On the other hand, seed yield showed negative and highly significant genotypic and phenotypic correlation with days to flowering, days to maturity and grain filling period at Miesso (Table 1). The traits like seed length, seed thickness, seed width, hundred seed weight, number of pods per plant, number of seeds per pod, pod length, peduncle length, number of pods per peduncle and number of racemes per plant had highly significant and positive correlation with seed yield at genotypic and phenotypic levels. These results put forward that easy simultaneous improvement in any of these traits will lead to increase through direct selection for seed yield of cowpea. These genotypic and phenotypic correlations indicate that the extent to which the corresponding traits are under the control of the same set of genes having a physiological basis for their expression. In the present result in line with [26] [31] [32] [33] , who reported positive and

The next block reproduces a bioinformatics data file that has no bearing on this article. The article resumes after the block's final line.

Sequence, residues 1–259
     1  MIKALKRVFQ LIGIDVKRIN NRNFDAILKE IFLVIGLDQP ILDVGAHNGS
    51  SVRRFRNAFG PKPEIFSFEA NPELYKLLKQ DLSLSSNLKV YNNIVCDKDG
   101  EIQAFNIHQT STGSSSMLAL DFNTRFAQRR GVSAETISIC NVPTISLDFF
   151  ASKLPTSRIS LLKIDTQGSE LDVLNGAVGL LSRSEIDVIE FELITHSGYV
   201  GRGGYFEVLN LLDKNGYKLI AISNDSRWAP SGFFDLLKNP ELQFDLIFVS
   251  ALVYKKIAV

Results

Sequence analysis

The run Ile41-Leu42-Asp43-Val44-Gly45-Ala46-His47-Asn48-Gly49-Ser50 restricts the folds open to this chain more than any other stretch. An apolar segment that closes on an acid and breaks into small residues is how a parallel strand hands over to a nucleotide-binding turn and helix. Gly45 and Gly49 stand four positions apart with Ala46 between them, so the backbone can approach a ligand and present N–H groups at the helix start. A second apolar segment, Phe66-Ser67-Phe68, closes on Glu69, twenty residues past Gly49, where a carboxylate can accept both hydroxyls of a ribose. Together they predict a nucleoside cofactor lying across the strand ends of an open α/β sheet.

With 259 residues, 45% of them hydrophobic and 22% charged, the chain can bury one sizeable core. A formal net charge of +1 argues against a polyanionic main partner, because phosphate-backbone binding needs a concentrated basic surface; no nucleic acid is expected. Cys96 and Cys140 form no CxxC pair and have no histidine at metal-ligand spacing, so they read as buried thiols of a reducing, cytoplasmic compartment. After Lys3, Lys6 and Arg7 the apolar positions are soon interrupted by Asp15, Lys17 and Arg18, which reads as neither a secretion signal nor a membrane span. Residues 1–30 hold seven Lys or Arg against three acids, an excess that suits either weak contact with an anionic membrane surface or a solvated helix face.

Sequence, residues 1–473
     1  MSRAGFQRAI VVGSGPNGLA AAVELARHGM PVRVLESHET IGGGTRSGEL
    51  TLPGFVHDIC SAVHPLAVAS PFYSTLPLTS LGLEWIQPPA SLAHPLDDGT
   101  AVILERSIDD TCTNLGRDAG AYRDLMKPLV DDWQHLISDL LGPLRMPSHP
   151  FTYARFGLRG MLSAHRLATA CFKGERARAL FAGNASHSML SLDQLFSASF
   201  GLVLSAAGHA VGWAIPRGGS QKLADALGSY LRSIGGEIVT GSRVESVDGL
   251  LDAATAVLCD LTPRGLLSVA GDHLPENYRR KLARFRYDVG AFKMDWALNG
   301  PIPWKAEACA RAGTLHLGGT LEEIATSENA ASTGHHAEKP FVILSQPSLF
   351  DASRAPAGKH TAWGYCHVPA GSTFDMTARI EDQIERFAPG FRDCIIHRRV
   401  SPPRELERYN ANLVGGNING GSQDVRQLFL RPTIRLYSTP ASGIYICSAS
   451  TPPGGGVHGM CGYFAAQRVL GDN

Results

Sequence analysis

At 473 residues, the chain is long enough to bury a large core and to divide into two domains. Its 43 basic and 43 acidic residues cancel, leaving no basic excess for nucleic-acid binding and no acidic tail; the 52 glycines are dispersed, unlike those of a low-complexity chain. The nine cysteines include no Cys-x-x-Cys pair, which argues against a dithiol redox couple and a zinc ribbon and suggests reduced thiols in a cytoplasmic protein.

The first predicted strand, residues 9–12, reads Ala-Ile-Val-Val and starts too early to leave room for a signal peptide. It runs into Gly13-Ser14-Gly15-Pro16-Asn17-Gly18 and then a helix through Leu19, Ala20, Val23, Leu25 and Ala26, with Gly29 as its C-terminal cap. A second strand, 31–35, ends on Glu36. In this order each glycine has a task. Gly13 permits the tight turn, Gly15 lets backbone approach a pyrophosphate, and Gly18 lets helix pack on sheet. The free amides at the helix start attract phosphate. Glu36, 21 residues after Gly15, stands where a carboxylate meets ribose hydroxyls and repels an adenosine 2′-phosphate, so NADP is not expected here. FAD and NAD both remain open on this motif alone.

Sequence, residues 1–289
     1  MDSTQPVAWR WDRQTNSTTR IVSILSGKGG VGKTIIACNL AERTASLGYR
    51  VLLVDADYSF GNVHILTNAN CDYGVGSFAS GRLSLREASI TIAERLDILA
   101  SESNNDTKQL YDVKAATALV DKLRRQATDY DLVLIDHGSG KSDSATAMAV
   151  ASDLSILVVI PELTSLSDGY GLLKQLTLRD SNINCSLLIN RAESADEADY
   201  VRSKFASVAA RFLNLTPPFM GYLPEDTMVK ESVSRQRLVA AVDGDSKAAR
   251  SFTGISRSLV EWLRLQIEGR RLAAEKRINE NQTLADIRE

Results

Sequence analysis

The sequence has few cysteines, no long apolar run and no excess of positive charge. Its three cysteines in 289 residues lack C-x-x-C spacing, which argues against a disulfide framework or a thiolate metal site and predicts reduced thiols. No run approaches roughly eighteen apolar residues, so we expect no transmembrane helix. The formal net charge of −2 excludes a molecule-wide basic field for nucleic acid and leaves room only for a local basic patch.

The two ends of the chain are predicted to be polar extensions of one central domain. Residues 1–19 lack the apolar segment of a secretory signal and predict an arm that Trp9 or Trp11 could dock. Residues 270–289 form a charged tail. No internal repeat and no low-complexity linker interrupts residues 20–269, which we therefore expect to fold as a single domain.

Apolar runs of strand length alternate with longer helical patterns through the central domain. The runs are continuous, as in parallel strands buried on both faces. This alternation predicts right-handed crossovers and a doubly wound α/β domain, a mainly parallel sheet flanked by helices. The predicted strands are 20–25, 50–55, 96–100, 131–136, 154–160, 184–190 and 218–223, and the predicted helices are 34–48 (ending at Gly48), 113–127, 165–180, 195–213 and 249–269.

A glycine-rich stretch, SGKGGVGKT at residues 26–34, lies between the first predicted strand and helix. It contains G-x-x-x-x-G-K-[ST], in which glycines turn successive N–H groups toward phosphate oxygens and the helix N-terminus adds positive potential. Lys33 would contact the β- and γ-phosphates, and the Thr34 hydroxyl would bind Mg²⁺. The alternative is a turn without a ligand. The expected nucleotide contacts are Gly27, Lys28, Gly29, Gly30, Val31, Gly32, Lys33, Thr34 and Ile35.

Table 2. Genotypic (above diagonal) and phenotypic (below diagonal) correlation coefficients among 18 traits studied at Melkassa.

DM = days to flowering, DM days to maturity, GFP = grain filling period, PH = plant height, NPBPP = number of primary branches per plant, NPPP = number of pods per plant, NSPP = number of seeds per pod, PC = pod clearance, PL = pod length, PdW = pod width, PdL = peduncle length, NPPPd = number of pods per peduncle, TLL = terminal leaflet length, TLW = terminal leaflet width and NRPP = number of racemes per plant , HSW = hundred seed weight, SL = seed length, ST = seed length, SW = seed width, Yld = seed yield per plot, BM = biomass and HI = harvest index.